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Microsoft Office Online falls into Halloween time vortex

Paul Hurst

actually

i love the clock next to it, that says "make time work for you", yes, im bored of march, how about october?

Not forgetting that the clocks go back an hour on the 28th October and, apparently, forward seven and a half months in early march.

good advert!

would be quite amusing if it was tied to the same system that updates the windows system clock!.......evil plan.....

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Paul Hurst

hmmm

must be a leap year...

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UK presses car ferry to ship powdered plutonium

Paul Hurst

Shh! Top Secret!

"The exact date is being kept secret on security grounds, but is expected in the next few days"

Well that's clearly foiled all possible terrorist attacks....unless they've booked a hotel....

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Dear ISP, I am not a target market

Paul Hurst

RE: And whose model is not out of the pages of Orwell nowdays?

"Frankly, compared to the Nectar abomination Phorm is a harmless marketing w**k."

You see, I always thought that the nectar was optional (and i can shop at nectar enabled outlets, without having a card, or could choose not to use it for buying particular items)

That said, whilst the payout is small, you do get a *slight* cut of the wealth.

Are you suggesting that a card that you present at your discretion in a handful of shops, is substantially more dangerous that all your shopping at *every store* (Given that SSL is only used at the card payment stage)?

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Dildo rails dirty? Help is at hand

Paul Hurst

the last line on the webpage (at the very bottom)

"This is our after building cleaning checklist. If you look closer you will find that we actually are doing everything. We even clean the walls. Nothing is omitted by our cleaners."

so they use it, then clean the walls.

crikey!

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Retailer touts sweat-swatting mouse

Paul Hurst
Paris Hilton

hmmm

it really sucks, and blows

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BBC iPlayer launches, but with limited viewer reach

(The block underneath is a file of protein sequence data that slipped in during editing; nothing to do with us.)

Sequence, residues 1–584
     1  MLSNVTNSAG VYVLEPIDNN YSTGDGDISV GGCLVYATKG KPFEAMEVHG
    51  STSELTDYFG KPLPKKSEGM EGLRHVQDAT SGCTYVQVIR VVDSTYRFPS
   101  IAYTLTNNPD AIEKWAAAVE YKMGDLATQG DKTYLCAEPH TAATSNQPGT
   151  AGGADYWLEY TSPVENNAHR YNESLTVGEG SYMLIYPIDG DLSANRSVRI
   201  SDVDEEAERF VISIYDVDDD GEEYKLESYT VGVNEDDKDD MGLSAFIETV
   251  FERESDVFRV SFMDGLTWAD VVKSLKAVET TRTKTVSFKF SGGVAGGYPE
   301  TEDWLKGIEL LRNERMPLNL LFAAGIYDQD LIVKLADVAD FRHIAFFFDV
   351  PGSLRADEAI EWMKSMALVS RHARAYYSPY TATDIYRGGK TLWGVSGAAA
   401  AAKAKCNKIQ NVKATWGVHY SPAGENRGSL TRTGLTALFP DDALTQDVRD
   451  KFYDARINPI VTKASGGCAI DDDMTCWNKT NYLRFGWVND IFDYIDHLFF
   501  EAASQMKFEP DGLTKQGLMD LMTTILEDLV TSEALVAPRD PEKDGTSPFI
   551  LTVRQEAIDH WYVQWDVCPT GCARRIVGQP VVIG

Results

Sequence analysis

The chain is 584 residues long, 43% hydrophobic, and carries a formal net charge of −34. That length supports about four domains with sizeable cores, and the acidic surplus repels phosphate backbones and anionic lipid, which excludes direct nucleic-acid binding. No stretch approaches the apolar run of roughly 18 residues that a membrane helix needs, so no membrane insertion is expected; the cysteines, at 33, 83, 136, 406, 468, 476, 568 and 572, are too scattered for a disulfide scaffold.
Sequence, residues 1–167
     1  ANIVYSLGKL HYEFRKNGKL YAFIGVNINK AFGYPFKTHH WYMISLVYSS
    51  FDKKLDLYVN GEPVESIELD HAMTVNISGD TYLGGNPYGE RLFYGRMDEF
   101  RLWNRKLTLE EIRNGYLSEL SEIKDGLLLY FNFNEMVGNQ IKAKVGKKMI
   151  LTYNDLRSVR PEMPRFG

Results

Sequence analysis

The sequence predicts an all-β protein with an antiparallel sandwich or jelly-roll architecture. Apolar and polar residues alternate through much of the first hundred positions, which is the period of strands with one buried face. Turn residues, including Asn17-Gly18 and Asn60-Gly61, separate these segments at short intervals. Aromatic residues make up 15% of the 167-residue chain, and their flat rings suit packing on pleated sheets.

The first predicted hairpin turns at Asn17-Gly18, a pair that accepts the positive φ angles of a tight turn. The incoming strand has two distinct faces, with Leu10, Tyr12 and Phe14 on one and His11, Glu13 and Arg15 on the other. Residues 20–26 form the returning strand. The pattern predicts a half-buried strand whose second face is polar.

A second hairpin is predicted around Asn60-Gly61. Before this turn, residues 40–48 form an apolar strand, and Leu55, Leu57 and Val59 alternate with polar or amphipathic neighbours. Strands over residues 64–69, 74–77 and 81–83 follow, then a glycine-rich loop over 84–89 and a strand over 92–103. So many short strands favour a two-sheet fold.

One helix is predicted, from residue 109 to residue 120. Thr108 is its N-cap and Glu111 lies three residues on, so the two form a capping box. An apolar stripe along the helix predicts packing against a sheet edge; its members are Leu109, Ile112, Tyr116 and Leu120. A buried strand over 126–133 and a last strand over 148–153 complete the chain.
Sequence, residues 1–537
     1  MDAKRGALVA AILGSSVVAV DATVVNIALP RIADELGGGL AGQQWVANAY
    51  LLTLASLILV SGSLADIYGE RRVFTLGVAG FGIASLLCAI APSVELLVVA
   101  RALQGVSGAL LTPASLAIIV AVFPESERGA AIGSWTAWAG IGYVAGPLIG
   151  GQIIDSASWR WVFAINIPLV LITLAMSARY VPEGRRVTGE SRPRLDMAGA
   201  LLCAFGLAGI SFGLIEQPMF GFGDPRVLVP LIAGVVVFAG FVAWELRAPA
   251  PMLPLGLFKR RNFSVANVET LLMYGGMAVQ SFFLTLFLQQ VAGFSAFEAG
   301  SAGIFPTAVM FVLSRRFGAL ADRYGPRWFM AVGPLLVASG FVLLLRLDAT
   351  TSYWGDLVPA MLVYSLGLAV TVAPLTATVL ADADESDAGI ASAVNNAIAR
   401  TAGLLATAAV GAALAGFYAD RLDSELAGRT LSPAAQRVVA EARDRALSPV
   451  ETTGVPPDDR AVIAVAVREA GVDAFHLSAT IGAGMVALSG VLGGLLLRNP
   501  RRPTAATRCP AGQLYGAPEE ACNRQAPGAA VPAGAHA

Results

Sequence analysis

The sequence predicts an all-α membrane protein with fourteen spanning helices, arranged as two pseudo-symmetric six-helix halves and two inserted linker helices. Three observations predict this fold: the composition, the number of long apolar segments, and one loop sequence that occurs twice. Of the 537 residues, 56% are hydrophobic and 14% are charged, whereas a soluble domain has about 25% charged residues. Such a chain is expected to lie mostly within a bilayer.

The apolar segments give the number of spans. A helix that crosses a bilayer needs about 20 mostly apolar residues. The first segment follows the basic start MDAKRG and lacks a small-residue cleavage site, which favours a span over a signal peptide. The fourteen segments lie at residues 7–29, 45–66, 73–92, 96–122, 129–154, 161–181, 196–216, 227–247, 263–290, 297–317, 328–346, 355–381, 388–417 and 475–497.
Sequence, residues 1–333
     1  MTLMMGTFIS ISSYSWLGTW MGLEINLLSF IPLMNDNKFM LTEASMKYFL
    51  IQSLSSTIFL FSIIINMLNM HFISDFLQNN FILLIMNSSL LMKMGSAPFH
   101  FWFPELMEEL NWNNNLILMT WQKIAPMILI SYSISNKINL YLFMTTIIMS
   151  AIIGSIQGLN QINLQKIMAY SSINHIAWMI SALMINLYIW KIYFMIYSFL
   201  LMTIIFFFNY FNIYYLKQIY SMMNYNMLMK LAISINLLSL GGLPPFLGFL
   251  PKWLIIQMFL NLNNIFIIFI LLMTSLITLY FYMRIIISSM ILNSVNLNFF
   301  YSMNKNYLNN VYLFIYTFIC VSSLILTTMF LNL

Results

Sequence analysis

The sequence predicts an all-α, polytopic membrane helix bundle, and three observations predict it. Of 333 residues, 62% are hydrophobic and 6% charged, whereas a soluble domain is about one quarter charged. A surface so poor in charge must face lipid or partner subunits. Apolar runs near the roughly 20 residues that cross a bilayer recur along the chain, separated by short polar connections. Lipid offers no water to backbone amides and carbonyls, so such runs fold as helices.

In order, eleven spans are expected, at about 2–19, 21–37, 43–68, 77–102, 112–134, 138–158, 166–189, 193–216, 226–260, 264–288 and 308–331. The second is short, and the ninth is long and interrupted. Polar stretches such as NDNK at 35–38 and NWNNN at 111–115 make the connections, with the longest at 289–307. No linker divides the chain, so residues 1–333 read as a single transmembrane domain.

Paul Hurst

XP Only

Does anyone else find the fact that DRM crippled Vista can't play DRM crippled content slightly amusing ... in fact f-ing hilarious?

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BBC iPlayer finally hits the streets

Paul Hurst

RE: Craig Collier

"you say everyone is free to get these services, but you have to pay a company like Samsung or Sony to get a TV in the first plac,e"

Correct me if I'm wrong but as far as I'm aware the TV market is not a monopoly.

There is competition which keeps costs down.

TV signals are a standard and are as such able to be received and interpreted by differing companies.

Buying a computer isn't a monopoly, nor is it free. If I want to run Linux I still have to buy hardware.

But I do have choices about how I buy my computer or parts from and of what make they are (just like you Sony/Samsung example)

Its a different matter if Samsung were the only company that could make TVs, not unlike the situation we have here.

Once you have a monopoly over something, such as M$ has here, that can be exploited (well...the users can be exploited, but given that they sure as hell dont give a damn about them, all is well).

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Europe's banks must inform customers of US snooping

Paul Hurst

Reciprocity

"Somehow I find it hard to believe that Osama Bin Laden pays for his weapons via Paypal..."

....and there's me thinking that the US sold them to them in the first place!

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Rocket hiccup puts US spy sats in wrong orbit

Paul Hurst

RE:Really clever stuff, what?

"'ships that may conceal al Qaeda terrorists'

Suppose that narrows it down a bit."

Well ... it doesn't really matter what their looking for, so long as you say it combats terrorism or paedophiles it gets instant approval.

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DARPA scramjet nudges Mach 10

Paul Hurst

Mach 10

"up to Mach 10" is that like "up to 8Mb ADSL"?

So about Mach 3.5...

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Cash-for-grade probe may result in felony charges for 84 students

Paul Hurst

hmm.

Theres a useful saying to be used here, it invoves a horse and stable, but I can't remember how the rest of it goes...

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P2P pinball lawyers say ignorance is no defence

Paul Hurst

A different angle...

After reading this again, from the comments others had made I reallised that this wasn't just a problem for unsecured networks. But infact any networks.

If someone breaks the WEP or bruteforces the WPA as the owner of the wireless box it is you who is liable.